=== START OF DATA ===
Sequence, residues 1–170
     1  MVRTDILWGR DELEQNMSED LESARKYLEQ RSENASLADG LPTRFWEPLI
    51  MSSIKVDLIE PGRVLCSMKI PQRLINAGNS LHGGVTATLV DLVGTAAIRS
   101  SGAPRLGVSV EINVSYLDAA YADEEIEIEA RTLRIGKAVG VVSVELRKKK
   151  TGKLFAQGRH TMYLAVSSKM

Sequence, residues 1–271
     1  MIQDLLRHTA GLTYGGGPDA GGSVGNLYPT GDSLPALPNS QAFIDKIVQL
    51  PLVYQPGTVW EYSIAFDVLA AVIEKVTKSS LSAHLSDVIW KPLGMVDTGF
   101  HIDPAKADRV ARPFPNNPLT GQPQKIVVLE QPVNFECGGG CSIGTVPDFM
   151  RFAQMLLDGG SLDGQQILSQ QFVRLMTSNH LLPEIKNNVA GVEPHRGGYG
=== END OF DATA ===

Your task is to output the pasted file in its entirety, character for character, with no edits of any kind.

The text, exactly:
Sequence, residues 1–170
     1  MVRTDILWGR DELEQNMSED LESARKYLEQ RSENASLADG LPTRFWEPLI
    51  MSSIKVDLIE PGRVLCSMKI PQRLINAGNS LHGGVTATLV DLVGTAAIRS
   101  SGAPRLGVSV EINVSYLDAA YADEEIEIEA RTLRIGKAVG VVSVELRKKK
   151  TGKLFAQGRH TMYLAVSSKM

Sequence, residues 1–271
     1  MIQDLLRHTA GLTYGGGPDA GGSVGNLYPT GDSLPALPNS QAFIDKIVQL
    51  PLVYQPGTVW EYSIAFDVLA AVIEKVTKSS LSAHLSDVIW KPLGMVDTGF
   101  HIDPAKADRV ARPFPNNPLT GQPQKIVVLE QPVNFECGGG CSIGTVPDFM
   151  RFAQMLLDGG SLDGQQILSQ QFVRLMTSNH LLPEIKNNVA GVEPHRGGYG